“There’s a real poetry in the real world. Science is the poetry of reality.”
—Evolutionary Biologist Richard Dawkins, The Enemies of Reason
Science is often perceived as being cold. Hard facts, calculations, graphs, and data analyses all being done by people in white lab coats, wearing glasses, and speaking in language so technical as to be totally foreign to the vast majority of people.
But for many of us, this writer included, science is poetic.
Let’s look at it from a different angle. For those of us lucky enough to have had a passionate teacher—and I’d wager that’s most of us at some point in our education—we remember that there was a look in their eyes and an edge to their voice when they expounded upon their favorite topics that excited everyone around them. Oftentimes, these teachers became our favorites, and we found their courses easy because their passion was infectious.
Similarly, scientists dive into an area of interest trying to find out everything they can; it’s not uncommon to find a scientist who spends their whole life researching just one topic. They are intense in their pursuit to understand. And if you ask them about their topic of passion, you will light a flame that roars to life and burns with an intensity of all-consuming excitement in being able to share what has so captured their attention and evoked their amazement.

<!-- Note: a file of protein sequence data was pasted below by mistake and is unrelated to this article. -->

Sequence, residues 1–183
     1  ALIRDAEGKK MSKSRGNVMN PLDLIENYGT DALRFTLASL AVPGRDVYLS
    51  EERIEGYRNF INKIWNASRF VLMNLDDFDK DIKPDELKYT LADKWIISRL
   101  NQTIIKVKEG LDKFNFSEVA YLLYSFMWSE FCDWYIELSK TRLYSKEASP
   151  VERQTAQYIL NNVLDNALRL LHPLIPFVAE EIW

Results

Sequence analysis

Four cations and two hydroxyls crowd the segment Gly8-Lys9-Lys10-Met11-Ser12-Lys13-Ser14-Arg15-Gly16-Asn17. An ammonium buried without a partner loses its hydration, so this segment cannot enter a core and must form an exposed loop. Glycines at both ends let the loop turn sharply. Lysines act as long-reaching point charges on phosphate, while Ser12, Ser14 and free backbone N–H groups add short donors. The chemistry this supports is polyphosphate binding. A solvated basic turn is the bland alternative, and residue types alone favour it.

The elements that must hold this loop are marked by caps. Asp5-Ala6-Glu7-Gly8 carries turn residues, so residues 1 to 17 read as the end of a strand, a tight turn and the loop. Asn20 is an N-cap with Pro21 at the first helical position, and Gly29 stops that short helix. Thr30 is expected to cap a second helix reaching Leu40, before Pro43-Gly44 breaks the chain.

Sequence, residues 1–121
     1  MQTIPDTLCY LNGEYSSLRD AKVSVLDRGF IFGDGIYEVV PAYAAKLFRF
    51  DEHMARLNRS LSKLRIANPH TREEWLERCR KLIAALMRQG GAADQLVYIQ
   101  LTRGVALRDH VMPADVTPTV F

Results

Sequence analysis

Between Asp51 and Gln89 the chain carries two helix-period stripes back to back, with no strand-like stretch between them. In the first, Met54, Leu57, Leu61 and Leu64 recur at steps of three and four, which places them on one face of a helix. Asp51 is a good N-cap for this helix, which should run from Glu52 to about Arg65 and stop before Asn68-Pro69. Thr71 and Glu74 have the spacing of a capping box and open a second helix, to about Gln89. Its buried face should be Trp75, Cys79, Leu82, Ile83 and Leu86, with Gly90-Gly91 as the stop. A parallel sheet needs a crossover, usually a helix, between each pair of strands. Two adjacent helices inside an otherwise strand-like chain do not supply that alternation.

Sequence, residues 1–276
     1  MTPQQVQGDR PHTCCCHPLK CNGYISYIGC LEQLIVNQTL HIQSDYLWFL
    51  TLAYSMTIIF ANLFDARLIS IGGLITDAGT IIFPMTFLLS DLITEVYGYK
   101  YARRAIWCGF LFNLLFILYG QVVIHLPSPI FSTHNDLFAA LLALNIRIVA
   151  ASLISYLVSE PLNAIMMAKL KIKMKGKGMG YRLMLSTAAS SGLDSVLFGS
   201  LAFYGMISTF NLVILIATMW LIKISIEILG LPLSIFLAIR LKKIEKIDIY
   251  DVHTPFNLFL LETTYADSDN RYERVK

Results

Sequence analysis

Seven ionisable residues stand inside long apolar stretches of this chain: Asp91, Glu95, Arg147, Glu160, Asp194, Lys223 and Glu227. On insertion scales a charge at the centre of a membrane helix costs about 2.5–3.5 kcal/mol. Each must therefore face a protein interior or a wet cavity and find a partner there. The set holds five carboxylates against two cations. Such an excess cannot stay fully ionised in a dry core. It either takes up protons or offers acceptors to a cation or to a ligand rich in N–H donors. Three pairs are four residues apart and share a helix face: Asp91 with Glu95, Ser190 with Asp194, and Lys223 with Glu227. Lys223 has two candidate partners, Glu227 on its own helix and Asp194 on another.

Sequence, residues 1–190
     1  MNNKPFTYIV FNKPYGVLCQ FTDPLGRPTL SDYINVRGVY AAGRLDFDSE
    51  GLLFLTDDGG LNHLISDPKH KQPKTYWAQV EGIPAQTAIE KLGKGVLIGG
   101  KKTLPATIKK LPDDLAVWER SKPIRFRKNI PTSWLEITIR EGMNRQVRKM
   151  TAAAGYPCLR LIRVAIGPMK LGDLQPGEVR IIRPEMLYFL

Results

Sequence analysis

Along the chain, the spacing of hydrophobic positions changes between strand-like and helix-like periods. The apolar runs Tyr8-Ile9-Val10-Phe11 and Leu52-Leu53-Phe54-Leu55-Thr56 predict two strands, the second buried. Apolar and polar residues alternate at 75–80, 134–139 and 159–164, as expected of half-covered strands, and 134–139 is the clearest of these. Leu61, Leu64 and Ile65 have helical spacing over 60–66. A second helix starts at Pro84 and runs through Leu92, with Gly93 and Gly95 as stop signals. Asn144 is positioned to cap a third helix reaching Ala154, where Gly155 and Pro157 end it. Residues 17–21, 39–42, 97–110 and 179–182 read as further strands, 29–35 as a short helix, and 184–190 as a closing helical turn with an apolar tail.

It should come as no surprise, then, that descriptions from a passionate scientist often become poetic. After all, what is poetry if not the verbal expression of passion? As educators, encouraging our students to go deep into science can not only spark their passion and engagement, but also open up avenues for their creativity through artistic expression.
Here are a few of my favorite scientists’ writings and quotes that I would call poetic:
Naturalist John Muir on His Study of Glaciers
"The path of the vanished glacier was warm now, and shone in many places as if washed with silver. The tall pines growing on the moraines stood transfigured in the glowing light, the poplar groves on the levels of the basin were masses of orange-yellow, and the late blooming goldenrods added gold to gold. Pushing on over my rosy glacial highway, I passed lake after lake set in solid basins of granite, and many a thicket and meadow watered by a stream that issues from the amphitheater and links the lakes together; now wading through plushy bogs knee-deep in yellow and purple sphagnum; now passing over bare rock. . . . The sun gave birth to a network of sweet-voiced rills that ran gracefully down the glacier, curling and swirling in their shining channels, and cutting clear sections through the porous surface-ice into the solid blue, where the structure of the glacier was beautifully illustrated."